On June 17, 2016, the Louisiana Supreme Court declined to review a lower-court ruling against St. Tammany Parish’s attempt to stop a fracking project by amending its zoning laws.66 The parish lost its legal fight, even though the state constitution confers broad authority to local governments. Home Rule in America states that Louisiana was “among the leaders” in broadening local authority; state constitutional amendments “adopted in 1974 were intended to end a period of de facto legislative supremacy over local government.”67 A group advocating the St. Tammany ban said the court’s decision “sweeps aside long-standing constitutional principles for citizens and instead gives new, special privilege to certain companies.”68
St. Tammany Parish also sued to try to stop fracking at a site 1.25 miles from a high school, and the lawsuit made its way to the Louisiana Supreme Court.69 On the same day that briefs from the parties were due to the court, the company that operated the fracking well donated $2,000 to a justice’s campaign.70 According to Fox 8 News in New Orleans, the donation was not disclosed in court, and the justices voted 4-3 to reject St. Tammany’s lawsuit.71
The parishes just upstream from St. Tammany—along the Mississippi River—were once nicknamed “Cancer Alley” because of the impact of toxic pollution from nearby oil refineries and other industrial plants.72 Two decades ago, the Tulane Environmental Law Clinic launched with a mission to address the pollution in Cancer Alley.73 The clinic helped residents stop construction of a new plant because of environmental concerns.74 The Environmental Protection Agency ruled in 1997 that the proposed factory failed to meet air pollution standards.75
A 1999 “Frontline” report noted that the Louisiana chapter of the Chamber of Commerce, along with other business groups, then asked the Louisiana Supreme Court to change the rules governing law clinics.76 Chief Justice Pascal Calogero was facing re-election and battling attack ads funded by some of these same business groups, which accused him of an anti-business voting record in cases that they considered important.77 At the time, the U.S. Chamber of Commerce and its state affiliates were becoming big players in judicial elections, spending millions of dollars and endorsing candidates.78
According to Bill Moyers of “Frontline,” the Louisiana Supreme Court changed the rule governing law clinics to require them to “prove that 75 percent of its members are indigent and provide evidence that they are living below the poverty line.” Moyers added, “The effect was to sharply restrict the ability of the Tulane Law Clinic to help citizens take on environmental cases.”79 Days after Chief Justice Calogero voted to change the rule, the state’s Chamber of Commerce endorsed him.80 Moyers said, “Only [Chief] Justice Calogero knows if business pressure and campaign contributions influenced his decision … But the reputation of his court has been tarnished by the public perception of a quid pro quo.”81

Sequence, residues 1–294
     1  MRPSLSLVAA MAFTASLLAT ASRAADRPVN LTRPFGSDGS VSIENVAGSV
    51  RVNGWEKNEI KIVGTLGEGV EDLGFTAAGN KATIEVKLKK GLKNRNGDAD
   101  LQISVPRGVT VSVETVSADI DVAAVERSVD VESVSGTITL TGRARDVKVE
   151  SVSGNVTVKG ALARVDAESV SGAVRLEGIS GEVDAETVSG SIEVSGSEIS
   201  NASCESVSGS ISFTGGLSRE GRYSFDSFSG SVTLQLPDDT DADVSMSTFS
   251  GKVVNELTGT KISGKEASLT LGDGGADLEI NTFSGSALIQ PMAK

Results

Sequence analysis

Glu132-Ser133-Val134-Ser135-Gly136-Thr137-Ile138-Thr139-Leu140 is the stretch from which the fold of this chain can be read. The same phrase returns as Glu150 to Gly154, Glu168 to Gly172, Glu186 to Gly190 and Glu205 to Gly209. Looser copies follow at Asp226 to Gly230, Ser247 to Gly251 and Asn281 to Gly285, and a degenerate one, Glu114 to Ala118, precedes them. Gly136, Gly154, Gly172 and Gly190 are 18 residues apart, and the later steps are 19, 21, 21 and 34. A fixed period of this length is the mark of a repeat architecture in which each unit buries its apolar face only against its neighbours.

Chief Justice Calogero declined to comment to “Frontline.” But in 2008, he said, “My colleagues and I have taken a solemn oath to decide cases based on the law and the facts before us and we have remained faithful to that oath. Who did or did not contribute to a justice’s campaign committee is not a consideration in resolving cases.”82
New state laws restrict local authority over fracking
Denton, Texas, a Dallas suburb, saw a boom in fracking over the past decade. New wells sprung up all over the city.83 In 2014, a study of fracking in North Texas and Pennsylvania found evidence that oil and gas drilling activities had contaminated groundwater.84 The Dallas Morning News reported, “gas found in water wells appeared to have leaked from defective casing and cementing in gas wells, meant to protect groundwater.”85 Just a couple months later, Denton voted overwhelmingly in favor of a ban on fracking—the first, but not the last, Texas community to do so.
The oil and gas industry challenged Denton’s ban. While the lawsuit was pending, the Texas legislature passed a bill prohibiting local fracking regulations.86 In the 2014 election, the oil and gas industry contributed more money to Texas legislative and judicial candidates than any other industry.87 Denton was forced to revoke its ban on fracking because of the newly enacted state law. In 2015, another study found “elevated levels of cancer-causing chemicals in the drinking water” near fracking wells in North Texas, around Denton.88
In 2015 the Oklahoma legislature passed a law prohibiting local bans on any oil and gas operations, including fracking and wastewater disposal.89 Some Oklahoma communities had been considering local bans after a huge increase in the number of earthquakes throughout the state. A recent state report found that the rate of Oklahoma earthquakes is now approximately 600 times the historical average, and the Oklahoma Geological Survey considers this to be the result of wastewater wells associated with fracking and other drilling.90 A report from the agency wrote, “The observed seismicity of greatest concentration, namely in central and north-central Oklahoma, can be observed to follow the oil and gas plays characterized by large amounts of produced water.”91 Because of the new state law prohibiting local bans on oil and gas operations, communities across Oklahoma were pre-empted from enacting local regulations to limit wastewater disposal.